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RCNi Primary Health Care; Enabling supported self-management of wound care

Primary Health Care: Enabling Supported Self-Management of Wound Care in the  Community Setting to Increase Quality and Efficiency of Service Delivery 

Supporting citizens to be a more active partner in their care is part of a national, regional and local strategy for quality and sustainability of the NHS, acknowledging the impact that patients can have on their own health care if supported, educated and enabled to self-manage.  By focusing on improving patient adherence, clinical outcomes can improve at a faster rate.

Pennine Care Adult Community Nursing Services identified opportunities to promote self-management in the wound care pathway, utilising persona based text-messaging technology (Florence) to provide support and extend best practice self-management guidance to patients in between direct face-to-face contacts.

Florence offered previous evidence of supporting clinically driven behavioural change in patients to improve their clinical outcomes, the methodology of which could be realistically applied locally.

Evaluation mechanisms were put in place as follows:-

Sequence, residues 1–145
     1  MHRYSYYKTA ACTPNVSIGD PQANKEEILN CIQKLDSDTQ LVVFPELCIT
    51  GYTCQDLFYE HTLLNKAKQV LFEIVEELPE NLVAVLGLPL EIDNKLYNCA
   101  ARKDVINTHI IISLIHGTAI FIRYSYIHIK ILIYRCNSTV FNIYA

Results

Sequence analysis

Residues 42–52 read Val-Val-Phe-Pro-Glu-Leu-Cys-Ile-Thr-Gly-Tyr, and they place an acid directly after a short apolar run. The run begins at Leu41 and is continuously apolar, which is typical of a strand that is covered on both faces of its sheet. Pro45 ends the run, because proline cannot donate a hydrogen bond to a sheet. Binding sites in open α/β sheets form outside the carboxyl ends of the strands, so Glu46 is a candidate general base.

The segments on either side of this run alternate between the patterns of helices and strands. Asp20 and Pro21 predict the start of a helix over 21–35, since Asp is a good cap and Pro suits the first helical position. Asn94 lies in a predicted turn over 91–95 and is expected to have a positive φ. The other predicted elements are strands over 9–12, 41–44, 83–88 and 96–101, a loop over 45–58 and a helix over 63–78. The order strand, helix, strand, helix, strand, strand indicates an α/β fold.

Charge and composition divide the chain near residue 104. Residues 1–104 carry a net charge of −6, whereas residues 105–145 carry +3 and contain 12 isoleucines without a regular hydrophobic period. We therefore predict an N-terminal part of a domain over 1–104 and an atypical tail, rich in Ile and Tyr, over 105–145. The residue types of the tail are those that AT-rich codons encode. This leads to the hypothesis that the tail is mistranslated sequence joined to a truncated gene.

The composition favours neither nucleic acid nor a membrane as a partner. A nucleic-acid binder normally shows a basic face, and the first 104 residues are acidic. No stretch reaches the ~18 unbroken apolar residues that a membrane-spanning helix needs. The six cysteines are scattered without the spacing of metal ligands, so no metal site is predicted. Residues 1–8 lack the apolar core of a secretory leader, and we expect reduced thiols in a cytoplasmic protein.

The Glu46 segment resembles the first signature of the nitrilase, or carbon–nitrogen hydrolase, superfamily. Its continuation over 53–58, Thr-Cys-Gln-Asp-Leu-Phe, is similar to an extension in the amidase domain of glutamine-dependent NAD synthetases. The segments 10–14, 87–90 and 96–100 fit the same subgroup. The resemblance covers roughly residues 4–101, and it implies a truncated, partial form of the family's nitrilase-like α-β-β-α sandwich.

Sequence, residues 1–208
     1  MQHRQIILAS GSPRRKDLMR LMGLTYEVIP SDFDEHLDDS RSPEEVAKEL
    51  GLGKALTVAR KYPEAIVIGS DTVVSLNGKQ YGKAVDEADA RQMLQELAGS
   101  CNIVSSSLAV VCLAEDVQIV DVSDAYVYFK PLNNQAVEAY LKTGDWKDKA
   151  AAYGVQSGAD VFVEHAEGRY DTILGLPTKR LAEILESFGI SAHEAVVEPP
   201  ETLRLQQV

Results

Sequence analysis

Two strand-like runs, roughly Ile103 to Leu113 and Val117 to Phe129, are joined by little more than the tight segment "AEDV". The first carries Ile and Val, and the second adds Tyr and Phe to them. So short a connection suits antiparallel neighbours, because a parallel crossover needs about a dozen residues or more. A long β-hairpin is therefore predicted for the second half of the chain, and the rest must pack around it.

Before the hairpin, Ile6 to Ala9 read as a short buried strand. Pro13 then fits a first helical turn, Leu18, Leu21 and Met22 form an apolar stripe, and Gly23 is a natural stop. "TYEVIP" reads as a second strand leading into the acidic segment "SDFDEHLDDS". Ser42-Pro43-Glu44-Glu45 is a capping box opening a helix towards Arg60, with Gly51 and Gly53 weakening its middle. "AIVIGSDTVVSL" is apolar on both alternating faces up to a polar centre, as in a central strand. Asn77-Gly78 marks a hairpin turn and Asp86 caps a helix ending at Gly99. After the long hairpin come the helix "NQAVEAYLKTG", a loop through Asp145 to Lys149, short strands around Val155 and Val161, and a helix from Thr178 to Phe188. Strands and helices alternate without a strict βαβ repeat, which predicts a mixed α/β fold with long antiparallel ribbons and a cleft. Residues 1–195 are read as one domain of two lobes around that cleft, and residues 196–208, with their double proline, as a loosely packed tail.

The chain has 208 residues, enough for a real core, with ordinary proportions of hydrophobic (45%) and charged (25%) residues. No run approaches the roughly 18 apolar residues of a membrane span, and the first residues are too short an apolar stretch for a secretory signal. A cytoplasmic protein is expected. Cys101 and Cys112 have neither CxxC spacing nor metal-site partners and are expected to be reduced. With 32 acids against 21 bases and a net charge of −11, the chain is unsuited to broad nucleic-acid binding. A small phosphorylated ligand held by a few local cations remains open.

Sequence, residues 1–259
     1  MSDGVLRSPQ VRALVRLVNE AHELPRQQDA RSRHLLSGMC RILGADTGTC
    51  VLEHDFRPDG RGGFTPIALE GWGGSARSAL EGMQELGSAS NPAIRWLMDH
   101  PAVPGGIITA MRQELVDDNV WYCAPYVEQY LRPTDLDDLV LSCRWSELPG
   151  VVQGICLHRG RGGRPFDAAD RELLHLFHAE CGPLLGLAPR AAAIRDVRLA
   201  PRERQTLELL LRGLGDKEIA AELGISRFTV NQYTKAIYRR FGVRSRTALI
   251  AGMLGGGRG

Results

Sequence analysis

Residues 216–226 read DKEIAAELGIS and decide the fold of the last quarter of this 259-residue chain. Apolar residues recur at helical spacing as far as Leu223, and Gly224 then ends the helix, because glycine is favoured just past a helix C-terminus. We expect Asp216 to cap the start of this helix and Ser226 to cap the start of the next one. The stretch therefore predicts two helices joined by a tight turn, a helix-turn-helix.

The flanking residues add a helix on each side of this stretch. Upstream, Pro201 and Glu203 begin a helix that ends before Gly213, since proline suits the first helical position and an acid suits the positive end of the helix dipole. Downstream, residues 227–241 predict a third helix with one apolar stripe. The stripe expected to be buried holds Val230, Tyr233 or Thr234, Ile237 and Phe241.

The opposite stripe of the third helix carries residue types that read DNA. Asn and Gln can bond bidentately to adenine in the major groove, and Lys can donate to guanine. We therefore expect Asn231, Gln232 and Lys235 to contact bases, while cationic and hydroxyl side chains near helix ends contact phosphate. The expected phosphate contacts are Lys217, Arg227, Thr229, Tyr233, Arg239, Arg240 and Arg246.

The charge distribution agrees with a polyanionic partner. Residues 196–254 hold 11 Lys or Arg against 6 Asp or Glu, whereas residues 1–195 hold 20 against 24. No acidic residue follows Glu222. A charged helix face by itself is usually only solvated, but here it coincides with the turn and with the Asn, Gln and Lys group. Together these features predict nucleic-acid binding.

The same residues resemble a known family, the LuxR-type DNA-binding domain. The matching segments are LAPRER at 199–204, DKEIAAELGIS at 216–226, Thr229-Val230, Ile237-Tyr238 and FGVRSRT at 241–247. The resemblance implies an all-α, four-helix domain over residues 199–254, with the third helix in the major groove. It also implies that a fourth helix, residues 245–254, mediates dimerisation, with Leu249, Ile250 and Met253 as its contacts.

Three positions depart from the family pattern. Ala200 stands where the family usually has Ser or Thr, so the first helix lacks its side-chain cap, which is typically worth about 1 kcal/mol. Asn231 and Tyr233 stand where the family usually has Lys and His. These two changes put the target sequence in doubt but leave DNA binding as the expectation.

• Patient experience was captured through a paper questionnaire  
  • Staff experience was captured by paper questionnaire pre- and post-project 
  • Service utilisation data was captured through collation of individual patient data, collated into spreadsheet 
  • Patient outcomes were collated through case studies and analysis of planned and unplanned care.

Commencing in Summer 2015, the first patient experiences and outcomes were evaluated with 100% providing positive patient experience feeding back that they would recommend Florence.  

Service capacity was created by a 53% reduction in required nursing contacts for those patients supported via Florence, enabling the team to focus on more complex patients.

No unplanned visits were required, supporting safe practice.  Staff reported positively regarding the revised care pathway, appreciating the support that Flo offered with improvements to the patient experience.  Staff felt it released more time to care and improved their job satisfaction.  

In summary, supporting self-management has been shown to increase quality and efficiency of service delivery.  Using Florence technology has been popular and it is believed this has increased confidence from nurses to “let go”, and patients to be “let go”, when ongoing support was available through Flo.

This project has required shifts in staff and patient culture from two perspectives; firstly in adopting novel technology in practice; and secondly in recognising and using patients’ own skills and abilities to manage care previously delivered by nurses.

Adoption will now spread across further community nursing services within Pennine Care Foundation Trust incorporating lessons learned and opportunities identified to further enhance the care pathway.

Read More: http://journals.rcni.com/doi/abs/10.7748/phc.2016.e1137

Primary Health Care

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